The Boss Blues Driver is one of those pedals that everybody has owned or at least played through once. I’d venture to say it’s nearly as popular as the
In layman’s terms, a discrete opamp is similar to the IC chip version. It does the same thing, just in a simpler fashion that some feel is more responsive and less “sterile” feeling and sounding. It uses two FETs facing each other followed by a bipolar transistor. There are two of these types of gain stages in the BD-2, controlled by a dual gang 250k pot wired as a variable resistor. Just like the IC opamp circuits, there is a resistor/capacitor pair going to ground that will also help set a frequency to clip. This pair will also help set the gain, though they are fixed values in the BD-2. R31 and C22 are the pair for the first stage, while R15 and C9 are the pair for the second stage.
We know that EQ before clipping determines the clipping feel, tonality, and response (distortion/overdrive) quite dramatically. For example, if we want a fuzzier type of distortion, we want to increase the bass before it is clipped. Then, we clip the signal as much as possible without creating a lot of noise or oscillations.
R31 and C22 in this first gain stage set a frequency of just a hair over 700hz. This is a normal frequency for most overdrives and distortion. If you want more fuzziness, increase this cap to .22uf (microfarad) or larger. If you want a tighter crunchier type of tone, make the cap smaller. If you plug in these values to my calculator at indyguitarist. com/filter.htm you will see the frequencies you can affect.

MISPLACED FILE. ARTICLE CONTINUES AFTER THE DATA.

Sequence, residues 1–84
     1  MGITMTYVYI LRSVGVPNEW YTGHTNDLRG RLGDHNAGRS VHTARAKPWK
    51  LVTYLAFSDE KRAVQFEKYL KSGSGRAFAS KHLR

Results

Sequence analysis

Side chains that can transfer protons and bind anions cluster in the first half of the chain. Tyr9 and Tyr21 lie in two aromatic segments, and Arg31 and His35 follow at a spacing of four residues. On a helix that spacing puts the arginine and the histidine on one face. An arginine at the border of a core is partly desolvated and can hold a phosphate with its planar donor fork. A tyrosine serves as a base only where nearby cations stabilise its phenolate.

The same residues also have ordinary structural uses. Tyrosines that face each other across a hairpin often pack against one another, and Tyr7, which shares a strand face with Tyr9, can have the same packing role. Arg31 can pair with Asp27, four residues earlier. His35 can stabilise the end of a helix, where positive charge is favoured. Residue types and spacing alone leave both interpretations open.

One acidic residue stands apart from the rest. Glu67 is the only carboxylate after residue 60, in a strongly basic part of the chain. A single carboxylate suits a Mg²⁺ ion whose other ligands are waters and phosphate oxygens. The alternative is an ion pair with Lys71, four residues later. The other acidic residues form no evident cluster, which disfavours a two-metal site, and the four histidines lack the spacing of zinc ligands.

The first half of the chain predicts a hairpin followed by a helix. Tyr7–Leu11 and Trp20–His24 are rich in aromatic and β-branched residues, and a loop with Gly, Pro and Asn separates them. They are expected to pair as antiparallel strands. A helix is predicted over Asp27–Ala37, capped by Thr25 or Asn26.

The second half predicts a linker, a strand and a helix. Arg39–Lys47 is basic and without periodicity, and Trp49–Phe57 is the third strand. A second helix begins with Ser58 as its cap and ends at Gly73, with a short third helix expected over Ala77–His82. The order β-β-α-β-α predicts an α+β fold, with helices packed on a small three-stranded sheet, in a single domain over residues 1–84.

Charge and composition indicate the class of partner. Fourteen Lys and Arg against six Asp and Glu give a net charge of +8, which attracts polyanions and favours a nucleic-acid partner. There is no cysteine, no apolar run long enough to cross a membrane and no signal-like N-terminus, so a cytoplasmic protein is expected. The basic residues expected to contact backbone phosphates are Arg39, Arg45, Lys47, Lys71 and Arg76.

BD-2 tonestack (left) and Traditional Fender tonestack (right)
After this first gain stage, we go through what first looks like an odd tone filtering stage. It is actually a Fender-type 3-band tonestack with fixed values (with the treble on 0 and the bass and mid on 10). This is a really cool thing to mess with if you want to go hog wild, because you can add trim pots in place of R37 (use a 250k trim pot for treble), R50 (use a 1M trim pot for bass), and R51 (use a 25k trim pot for mids). In addition, you can change the ‘slope’ resistor, R36, to a 33k, C34 and C35 to a .022uf, and change C26 to a 470pf in order to get more of a Marshall type of tonality before the signal is clipped. When you are replacing these resistors with trim pots, just connect one hole to pin 1 on the trim pot, and the remaining resistor hole to pin 2 on the trim pot. Leave the third lug untouched.
The BD-2 EQ before clipping looks like this due to this filter:
Notice how there is a ton of bass present? That is before the majority of the clipping is happening, so it’s no wonder the pedal sounds fuzzy when the gain is turned up!
A good mod at this location is to make R50 a 100 ohm, and change R36 to a 47k. That will give you a much flatter EQ response.
After that the signal is clipped by diodes connecting to ground (D7, D8, D9, D10) with two diodes on each side and fed into another discrete opamp. This opamp is nearly identical, except the frequency response is a little different. There is more gain in the bass (set by R34 and C24, frequency is about 72hz) but it works exactly the same. Notice that since the bass is boosted yet again here it’s really no surprise that the BD-2 would be so fuzzy with the gain turned up.